Understanding AUS's desert businesses
A major national study aimed at identifying the secrets of business success for small and medium enterprises gets underway this week.
Led by Associate Professor Fay Rola-Rubzen for the Desert Knowledge CRC, the study of Australian small-to-medium enterprises (SMEs) will survey both Aboriginal and non-Aboriginal business owners across Australia to identify the keys and barriers to success in running a business.
"It will be a great opportunity for businesses located in the desert to have their say," she says. "The information it yields will be vital in building the economic independence of Aboriginal communities and individuals – a factor which is in turn central to the health, wellbeing and self-sufficiency of both. The findings of the study can provide valuable information to assist the Federal Government's 'Closing the Gap' national goal."
The team has invited owners of all kinds of desert enterprises who would like to take part to get in touch with them.
"Developing economic independence is normally achieved in two ways – through having paid employment or through running a business enterprise. While there has been progress in Aboriginal employment, the number of unemployed remains high, especially in remote areas of the continent," Prof. Rola-Rubzen says.
The 2006 ABS census showed that only about 46 per cent of Indigenous people aged 15 years and over were employed, compared to 62 per cent of non-Indigenous people. In addition, many of these only have part-time jobs (39%).
"A very good way Aboriginal people can achieve economic independence is through setting up and running their own businesses. However, starting and running a business is not easy. The Indigenous Business Review (2003) noted that self-employment among Indigenous Australians is lower than for non-Indigenous Australians, and also lower than for Indigenous New Zealanders. This applies particularly in desert Australia where more than 100,000 Indigenous people live."
Yet small businesses play a key role in Australia's desert economy and create many jobs, she adds. There are very extensive opportunities for new businesses based on Aboriginal cultural activities, bush foods, tourism and servicing the mining and pastoral industries.
"The unique environment of desert Australia offers many opportunities for SMEs. The very lack of services represents opportunities for people living in the desert to develop business enterprises around the service industry. The recent move of the government to improve housing in the desert likewise offers not only employment but also business opportunities for entrepreneurial people. But the strongest competitive advantages of desert regions are based on their natural and cultural resources.
"We want to know what makes successful Aboriginal and non-Aboriginal businesses tick, in a region of Australia where the obstacles to business success are greater than in the cities or coastal regions.
"In the desert you are further from your suppliers and your customers, your labour supply may be uncertain, you face disadvantages in access to finance, insurance, business advice, computer technology, training and other essentials. It's a tall order to run a successful business in the deserts.
"Yet we also know that, per capita, there are more small businesses in desert Australia than in the whole of Australia. In fact there are about 41,000 SMEs – and many of them flourish amid challenging conditions. However, only about one per cent are owned and run by Aboriginal people."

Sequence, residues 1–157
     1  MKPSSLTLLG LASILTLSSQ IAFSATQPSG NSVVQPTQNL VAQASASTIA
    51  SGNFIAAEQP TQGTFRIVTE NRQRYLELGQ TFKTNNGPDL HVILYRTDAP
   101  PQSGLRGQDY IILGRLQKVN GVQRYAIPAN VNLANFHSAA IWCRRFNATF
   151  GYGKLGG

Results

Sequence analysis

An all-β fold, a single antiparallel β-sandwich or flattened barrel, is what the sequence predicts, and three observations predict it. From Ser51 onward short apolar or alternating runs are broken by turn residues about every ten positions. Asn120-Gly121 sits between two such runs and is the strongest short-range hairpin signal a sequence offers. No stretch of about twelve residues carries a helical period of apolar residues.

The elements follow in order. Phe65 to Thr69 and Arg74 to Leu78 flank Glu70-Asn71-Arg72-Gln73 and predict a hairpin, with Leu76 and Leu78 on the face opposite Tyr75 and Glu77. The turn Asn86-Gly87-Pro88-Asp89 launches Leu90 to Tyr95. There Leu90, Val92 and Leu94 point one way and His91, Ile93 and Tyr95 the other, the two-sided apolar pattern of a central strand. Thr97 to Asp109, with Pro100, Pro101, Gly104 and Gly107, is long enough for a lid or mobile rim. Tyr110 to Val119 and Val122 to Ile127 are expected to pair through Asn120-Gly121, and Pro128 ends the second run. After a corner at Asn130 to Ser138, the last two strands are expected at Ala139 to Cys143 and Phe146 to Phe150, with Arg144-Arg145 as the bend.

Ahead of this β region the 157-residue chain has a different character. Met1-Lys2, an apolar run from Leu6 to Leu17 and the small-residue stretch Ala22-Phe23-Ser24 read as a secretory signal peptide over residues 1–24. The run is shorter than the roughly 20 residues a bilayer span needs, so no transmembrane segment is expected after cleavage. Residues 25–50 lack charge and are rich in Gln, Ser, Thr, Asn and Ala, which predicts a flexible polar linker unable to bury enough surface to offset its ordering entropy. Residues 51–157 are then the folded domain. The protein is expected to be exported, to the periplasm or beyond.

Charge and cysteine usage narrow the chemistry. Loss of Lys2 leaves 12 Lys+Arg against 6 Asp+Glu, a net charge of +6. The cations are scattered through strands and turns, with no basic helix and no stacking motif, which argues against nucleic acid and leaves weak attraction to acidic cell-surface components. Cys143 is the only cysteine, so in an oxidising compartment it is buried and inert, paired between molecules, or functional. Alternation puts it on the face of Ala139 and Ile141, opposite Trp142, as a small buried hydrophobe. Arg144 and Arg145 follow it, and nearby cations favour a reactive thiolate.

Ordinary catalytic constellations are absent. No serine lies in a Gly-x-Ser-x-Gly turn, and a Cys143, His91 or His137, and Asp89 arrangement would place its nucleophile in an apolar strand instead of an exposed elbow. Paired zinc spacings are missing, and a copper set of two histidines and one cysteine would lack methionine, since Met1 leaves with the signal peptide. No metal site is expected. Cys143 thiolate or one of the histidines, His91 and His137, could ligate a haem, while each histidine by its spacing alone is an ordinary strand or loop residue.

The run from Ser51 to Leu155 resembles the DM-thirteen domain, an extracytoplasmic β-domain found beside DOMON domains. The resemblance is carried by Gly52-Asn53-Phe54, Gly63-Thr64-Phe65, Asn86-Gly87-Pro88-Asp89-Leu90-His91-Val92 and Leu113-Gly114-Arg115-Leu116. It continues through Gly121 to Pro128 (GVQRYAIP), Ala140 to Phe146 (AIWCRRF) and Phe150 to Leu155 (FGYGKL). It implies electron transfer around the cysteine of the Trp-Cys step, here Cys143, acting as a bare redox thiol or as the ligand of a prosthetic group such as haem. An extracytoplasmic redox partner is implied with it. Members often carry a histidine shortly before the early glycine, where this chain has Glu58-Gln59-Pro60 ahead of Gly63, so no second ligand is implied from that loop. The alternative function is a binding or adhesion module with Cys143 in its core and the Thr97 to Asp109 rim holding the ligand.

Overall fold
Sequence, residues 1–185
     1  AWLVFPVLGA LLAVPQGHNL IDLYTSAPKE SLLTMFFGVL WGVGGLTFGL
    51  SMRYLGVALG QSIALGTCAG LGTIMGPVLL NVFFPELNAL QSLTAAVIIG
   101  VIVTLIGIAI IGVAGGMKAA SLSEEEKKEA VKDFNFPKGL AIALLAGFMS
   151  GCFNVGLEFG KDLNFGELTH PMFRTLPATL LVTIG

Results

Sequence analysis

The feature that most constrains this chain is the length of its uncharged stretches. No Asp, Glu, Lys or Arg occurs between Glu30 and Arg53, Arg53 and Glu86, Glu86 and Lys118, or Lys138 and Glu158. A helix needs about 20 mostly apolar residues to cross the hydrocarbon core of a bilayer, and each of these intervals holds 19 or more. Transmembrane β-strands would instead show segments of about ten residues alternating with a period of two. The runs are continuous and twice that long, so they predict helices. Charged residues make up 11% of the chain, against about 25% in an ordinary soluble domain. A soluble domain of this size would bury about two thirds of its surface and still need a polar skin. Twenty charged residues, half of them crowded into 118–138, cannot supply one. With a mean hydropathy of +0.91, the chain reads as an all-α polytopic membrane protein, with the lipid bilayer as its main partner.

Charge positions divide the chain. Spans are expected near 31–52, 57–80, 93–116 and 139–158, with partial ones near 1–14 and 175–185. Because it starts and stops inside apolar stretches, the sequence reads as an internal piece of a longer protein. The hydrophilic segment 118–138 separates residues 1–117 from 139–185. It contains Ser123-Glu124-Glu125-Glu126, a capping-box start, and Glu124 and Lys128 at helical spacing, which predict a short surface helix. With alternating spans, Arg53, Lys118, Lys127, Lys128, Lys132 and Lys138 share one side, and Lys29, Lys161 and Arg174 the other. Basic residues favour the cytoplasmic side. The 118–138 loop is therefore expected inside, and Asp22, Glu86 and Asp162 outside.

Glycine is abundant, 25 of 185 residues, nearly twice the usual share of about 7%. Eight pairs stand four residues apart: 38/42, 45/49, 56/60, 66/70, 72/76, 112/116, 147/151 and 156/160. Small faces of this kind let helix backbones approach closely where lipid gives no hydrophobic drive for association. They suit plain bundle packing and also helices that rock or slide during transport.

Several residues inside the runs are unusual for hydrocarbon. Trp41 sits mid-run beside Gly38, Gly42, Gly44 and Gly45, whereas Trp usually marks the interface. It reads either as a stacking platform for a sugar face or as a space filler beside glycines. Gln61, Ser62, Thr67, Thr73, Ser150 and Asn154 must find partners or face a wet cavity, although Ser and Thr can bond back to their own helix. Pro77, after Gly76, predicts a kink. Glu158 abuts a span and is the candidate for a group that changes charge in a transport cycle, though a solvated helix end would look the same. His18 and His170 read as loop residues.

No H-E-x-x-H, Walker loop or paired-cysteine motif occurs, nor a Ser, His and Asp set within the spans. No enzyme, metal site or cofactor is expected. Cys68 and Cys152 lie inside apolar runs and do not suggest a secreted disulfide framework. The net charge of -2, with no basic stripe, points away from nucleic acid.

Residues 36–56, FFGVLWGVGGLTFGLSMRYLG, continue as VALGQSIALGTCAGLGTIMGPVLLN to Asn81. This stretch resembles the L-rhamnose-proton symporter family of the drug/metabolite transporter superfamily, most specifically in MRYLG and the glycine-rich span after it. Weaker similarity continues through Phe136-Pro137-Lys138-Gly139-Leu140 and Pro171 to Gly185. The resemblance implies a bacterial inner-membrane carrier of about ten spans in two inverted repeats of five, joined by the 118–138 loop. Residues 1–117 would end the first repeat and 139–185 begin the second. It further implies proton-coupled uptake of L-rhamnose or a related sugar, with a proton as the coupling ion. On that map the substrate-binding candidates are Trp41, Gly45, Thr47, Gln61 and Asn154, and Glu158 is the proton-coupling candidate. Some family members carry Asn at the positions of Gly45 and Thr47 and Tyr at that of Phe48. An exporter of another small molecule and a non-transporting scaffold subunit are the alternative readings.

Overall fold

Despite this there are a number of highly successful Aboriginal businesses which can act as models for others to emulate, she adds.
Over the coming month, Prof. Rola-Rubzen and her team will conduct surveys of SMEs across Australia. It is important that businesses in desert regions participate in this nationwide survey, as the region covers three-quarters of the continent, she says.
"Our main goal is to identify the reasons for business success and failure, the opportunities and the obstacles, and how these apply to Aboriginal enterprises in particular. We are looking to interview the owners and operators of all kinds of small and medium enterprises."
The sort of issues being explored are:
- What are the key ingredients for small business success?
- What influences their performance?
- How do businesses in the desert compare to those businesses in the coast?
- How do non-Indigenous owned businesses perform compared to Indigenous-owned businesses?
- What is needed to increase the performance of Indigenous-owned businesses?
- What business frameworks or models are likely to increase their success?
- What opportunities can be explored to link businesses in the desert and those at the coast to improve supply chains and better respond to modern economic realities?
The research will benchmark the performance of Indigenous-owned and non-Indigenous-owned businesses, determine what are the types of businesses, current business delivery models, factors that influence the performance of businesses and the extent of business start-up and other opportunities in desert Australia. It will identify critical success factors and business models that are more appropriate and culturally sensitive to Indigenous entrepreneurs and suited to desert Australia.
The findings of the research will provide an important foundational input to DKCRC's successor, the CRC for Remote Economic Participation (CRC-REP), which is due to start on July 1 this year.
The findings will benefit both Aboriginal and non-Aboriginal small enterprises, she says.
The survey team wants to interview owners of all kinds of SMEs, and has invited those who wish to participate to contact them at: F.Rola-Rubzen@curtin.edu.au or phone 08 9266 2122.
"We are offering respondents a chance to win a prize – a laptop and printer package worth around $2000," she says.
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